Mother and Child


This is the latest in my series of blog entries taking a fresh look at a variety of topics over the next year. I’ve set up a page on the blog explaining the project and linking to my entries. This week’s topic is “Single Mothers.”

OK, to acknowlege the obvious — I’ve been varying degrees of single for over two and a half years now. And, so, yeah, I’ve had to rethink some thoughts on single mothers during that period for those reasons.

Along similiar lines, comparing divorce stories, it’s a very different experience with kids and without. So I have some thoughts there, as well.

That said, I think I’m going to save the bulk of what I have to say about those two subjects for Week 20, where they really fit a bit better.

Over the past year, I’ve had the opportunity to count among my closest friends a couple of single mothers, and their experiences have provided an interesting look at what it means to be a parent. In both cases, the parenting is very one-sided, with the fathers choosing to be indulgent rather than responsible. The dad gets to be the “nice” one, forcing the mom to be the “mean” one. Instilling discipline and responsibility are left entirely up to her, forcing her at times to do what’s right by the child at the cost of being liked.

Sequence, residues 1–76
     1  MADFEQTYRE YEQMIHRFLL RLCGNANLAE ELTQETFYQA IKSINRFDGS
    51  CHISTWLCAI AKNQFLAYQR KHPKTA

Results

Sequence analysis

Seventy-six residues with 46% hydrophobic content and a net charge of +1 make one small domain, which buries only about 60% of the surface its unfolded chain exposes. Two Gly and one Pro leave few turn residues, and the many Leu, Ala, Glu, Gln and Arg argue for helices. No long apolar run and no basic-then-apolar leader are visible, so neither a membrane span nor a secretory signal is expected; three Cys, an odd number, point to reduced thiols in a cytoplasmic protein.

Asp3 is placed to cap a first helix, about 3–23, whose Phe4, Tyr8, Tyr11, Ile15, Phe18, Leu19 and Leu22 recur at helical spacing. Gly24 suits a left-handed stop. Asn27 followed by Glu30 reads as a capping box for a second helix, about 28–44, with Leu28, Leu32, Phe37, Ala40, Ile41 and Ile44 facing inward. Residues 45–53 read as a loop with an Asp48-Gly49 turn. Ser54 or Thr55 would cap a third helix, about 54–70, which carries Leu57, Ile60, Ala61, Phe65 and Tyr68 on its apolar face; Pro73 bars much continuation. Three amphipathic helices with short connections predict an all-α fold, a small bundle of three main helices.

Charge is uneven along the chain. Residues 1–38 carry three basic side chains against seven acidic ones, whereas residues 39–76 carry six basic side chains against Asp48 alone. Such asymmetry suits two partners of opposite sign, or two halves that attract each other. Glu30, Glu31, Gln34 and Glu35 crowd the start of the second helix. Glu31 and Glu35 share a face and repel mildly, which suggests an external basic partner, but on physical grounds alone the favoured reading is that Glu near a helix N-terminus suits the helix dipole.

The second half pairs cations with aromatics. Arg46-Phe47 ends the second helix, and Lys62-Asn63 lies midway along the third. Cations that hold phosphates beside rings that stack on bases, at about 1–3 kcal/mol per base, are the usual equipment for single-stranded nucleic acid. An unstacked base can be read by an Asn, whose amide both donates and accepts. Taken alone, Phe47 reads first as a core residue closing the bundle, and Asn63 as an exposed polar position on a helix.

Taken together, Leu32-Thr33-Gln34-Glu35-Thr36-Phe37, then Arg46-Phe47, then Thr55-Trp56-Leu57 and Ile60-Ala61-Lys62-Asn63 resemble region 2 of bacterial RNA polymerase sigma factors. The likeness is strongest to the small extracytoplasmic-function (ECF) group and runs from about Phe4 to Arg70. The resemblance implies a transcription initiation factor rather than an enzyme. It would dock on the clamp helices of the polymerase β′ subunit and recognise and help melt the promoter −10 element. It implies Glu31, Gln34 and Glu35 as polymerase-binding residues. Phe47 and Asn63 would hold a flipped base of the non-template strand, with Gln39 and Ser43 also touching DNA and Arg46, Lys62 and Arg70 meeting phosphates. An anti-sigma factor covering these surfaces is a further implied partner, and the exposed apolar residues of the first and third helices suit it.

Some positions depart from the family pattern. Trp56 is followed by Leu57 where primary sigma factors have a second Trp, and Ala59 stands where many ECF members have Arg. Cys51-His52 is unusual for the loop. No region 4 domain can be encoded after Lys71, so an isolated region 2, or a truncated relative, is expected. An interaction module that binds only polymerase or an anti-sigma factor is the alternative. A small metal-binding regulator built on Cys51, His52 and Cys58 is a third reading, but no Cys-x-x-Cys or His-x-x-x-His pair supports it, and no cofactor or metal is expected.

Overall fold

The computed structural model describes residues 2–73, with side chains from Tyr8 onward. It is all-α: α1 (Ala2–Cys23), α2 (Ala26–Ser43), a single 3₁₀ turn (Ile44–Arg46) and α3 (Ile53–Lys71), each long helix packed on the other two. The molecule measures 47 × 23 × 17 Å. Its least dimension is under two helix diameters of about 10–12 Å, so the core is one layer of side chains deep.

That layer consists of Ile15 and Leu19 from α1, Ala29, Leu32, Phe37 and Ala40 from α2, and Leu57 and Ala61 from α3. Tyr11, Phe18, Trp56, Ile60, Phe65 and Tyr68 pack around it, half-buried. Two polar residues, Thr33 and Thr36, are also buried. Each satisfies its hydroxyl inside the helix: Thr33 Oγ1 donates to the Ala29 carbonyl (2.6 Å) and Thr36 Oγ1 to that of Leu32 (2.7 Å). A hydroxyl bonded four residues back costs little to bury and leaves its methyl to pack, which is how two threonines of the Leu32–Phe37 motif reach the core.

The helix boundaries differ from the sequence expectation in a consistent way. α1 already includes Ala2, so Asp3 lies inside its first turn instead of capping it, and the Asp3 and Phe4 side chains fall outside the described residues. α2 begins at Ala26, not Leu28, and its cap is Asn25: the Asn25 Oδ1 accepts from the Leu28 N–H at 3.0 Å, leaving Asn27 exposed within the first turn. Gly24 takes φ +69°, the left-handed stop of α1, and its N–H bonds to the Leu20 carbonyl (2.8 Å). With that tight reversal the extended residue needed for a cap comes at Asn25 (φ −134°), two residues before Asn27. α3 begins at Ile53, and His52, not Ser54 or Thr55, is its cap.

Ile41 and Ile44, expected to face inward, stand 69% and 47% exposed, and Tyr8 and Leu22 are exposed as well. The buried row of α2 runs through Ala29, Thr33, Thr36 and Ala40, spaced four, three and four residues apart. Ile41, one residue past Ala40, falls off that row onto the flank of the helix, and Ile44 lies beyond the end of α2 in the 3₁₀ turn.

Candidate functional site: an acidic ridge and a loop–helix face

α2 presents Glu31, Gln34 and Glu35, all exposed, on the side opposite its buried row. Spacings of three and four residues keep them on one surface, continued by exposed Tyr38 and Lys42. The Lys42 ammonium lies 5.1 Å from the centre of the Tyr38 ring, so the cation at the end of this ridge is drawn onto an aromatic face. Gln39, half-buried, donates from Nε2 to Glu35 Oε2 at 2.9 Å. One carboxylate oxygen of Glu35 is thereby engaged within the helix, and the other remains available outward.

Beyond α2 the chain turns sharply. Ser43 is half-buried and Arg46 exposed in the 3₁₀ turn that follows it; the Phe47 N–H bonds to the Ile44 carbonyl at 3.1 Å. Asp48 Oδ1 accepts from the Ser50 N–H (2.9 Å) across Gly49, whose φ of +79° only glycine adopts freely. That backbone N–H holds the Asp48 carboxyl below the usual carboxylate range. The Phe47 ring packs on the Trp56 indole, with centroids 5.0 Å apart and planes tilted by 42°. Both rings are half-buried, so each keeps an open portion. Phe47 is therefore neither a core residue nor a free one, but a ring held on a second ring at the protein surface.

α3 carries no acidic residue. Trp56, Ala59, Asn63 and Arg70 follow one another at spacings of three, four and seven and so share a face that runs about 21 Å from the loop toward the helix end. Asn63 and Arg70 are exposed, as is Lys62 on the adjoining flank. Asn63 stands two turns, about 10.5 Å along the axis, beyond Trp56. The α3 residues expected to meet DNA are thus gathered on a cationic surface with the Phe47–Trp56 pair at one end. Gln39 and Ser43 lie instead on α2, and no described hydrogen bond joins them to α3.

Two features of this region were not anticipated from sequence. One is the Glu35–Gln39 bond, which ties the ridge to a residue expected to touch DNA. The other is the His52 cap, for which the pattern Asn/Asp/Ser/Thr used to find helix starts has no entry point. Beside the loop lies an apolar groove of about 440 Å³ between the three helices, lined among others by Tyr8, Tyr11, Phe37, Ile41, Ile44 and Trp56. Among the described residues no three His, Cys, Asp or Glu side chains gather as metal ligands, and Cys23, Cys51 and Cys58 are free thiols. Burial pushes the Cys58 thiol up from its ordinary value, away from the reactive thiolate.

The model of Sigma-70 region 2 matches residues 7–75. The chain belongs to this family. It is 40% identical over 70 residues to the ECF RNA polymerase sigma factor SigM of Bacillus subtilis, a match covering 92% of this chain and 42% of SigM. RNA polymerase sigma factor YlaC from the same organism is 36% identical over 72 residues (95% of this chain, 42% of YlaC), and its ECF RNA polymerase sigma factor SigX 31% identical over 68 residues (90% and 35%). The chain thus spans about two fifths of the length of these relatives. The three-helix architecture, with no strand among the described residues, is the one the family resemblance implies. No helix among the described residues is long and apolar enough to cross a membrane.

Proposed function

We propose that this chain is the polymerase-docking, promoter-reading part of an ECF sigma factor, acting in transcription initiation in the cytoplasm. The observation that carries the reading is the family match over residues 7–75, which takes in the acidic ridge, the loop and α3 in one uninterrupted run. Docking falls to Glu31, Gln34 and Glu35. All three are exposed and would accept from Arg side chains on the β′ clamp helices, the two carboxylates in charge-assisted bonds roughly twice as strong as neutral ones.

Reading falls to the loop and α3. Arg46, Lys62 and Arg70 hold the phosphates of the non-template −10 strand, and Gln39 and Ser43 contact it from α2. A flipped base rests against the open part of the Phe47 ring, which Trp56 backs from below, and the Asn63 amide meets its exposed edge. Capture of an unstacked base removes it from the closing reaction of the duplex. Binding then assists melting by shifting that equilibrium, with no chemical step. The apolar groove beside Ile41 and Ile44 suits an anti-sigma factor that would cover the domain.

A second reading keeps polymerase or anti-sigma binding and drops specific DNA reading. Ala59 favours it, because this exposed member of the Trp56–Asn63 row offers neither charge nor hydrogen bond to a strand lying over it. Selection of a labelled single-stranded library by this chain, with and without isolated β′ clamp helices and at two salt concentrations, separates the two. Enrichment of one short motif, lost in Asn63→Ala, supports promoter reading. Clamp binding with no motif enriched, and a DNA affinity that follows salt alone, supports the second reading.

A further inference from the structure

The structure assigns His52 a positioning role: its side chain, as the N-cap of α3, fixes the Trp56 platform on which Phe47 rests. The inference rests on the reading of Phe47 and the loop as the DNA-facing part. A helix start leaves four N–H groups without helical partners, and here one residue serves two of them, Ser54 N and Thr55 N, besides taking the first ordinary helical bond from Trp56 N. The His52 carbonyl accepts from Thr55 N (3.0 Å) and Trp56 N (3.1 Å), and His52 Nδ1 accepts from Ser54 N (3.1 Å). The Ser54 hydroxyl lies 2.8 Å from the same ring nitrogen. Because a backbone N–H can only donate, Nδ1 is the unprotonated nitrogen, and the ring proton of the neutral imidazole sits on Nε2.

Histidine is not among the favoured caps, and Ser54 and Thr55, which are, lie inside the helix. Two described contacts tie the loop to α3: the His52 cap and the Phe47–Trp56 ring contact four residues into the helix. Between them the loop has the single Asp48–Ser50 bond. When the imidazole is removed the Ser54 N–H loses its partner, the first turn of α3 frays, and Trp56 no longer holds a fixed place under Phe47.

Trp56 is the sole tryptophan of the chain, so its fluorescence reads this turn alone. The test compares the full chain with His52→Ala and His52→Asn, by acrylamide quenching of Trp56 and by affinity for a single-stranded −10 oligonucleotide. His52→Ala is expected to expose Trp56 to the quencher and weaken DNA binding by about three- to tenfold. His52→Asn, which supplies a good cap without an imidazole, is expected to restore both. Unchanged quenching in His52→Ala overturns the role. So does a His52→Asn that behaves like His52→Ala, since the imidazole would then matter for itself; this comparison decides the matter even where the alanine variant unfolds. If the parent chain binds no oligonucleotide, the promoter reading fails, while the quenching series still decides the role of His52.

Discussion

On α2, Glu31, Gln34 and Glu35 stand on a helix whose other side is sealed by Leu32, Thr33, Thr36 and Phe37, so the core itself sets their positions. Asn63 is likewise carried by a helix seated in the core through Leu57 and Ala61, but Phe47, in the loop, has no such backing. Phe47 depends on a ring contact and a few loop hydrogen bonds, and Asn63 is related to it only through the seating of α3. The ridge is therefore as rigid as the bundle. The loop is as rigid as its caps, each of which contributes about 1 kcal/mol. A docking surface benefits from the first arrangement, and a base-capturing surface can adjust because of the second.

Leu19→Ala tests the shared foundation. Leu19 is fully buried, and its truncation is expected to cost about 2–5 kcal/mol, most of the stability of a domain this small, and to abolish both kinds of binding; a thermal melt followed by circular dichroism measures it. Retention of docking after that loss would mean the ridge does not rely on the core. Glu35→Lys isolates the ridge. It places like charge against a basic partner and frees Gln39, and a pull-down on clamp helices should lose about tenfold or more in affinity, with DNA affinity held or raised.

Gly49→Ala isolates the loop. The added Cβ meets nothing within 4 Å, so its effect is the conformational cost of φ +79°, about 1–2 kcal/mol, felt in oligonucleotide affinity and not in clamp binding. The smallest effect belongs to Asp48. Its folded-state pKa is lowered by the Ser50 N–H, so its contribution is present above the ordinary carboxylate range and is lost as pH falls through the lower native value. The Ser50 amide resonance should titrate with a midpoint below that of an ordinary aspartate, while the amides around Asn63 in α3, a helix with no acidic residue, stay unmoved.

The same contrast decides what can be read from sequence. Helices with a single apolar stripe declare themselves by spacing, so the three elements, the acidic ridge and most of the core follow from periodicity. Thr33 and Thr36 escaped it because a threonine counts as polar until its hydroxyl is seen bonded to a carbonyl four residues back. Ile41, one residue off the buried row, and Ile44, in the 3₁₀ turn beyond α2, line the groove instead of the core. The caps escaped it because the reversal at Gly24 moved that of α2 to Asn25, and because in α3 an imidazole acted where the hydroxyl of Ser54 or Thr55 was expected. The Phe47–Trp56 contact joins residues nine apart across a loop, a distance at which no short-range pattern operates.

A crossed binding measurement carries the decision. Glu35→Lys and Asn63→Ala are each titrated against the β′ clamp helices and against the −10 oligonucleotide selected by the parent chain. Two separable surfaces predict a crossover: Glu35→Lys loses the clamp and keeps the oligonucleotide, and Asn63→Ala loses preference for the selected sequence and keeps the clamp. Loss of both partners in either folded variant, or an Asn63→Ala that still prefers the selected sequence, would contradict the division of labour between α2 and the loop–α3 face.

I realize that that’s not solely a single-parent issue. Too many parents today want to be their child’s best friend, want to indulge their child, to make their child happy, at the expense of actually doing what’s right by the child. The children are happy in the moment, but suffer for it as they grow up. It’s a choice that parents have to make constantly, and often fall not at one end of the extreme or the other, but somewhere in the middle. The plight of the single parent, then, can make the dichotomy all the more obvious when they’re having to offset someone who does skew close to the opposite extreme.

My friends’ children are lucky to have mothers who are willing to make that choice, to put their child ahead of themselves. I hope that, if in some unlikely future I were to be a parent, I will have learned something from knowing them.

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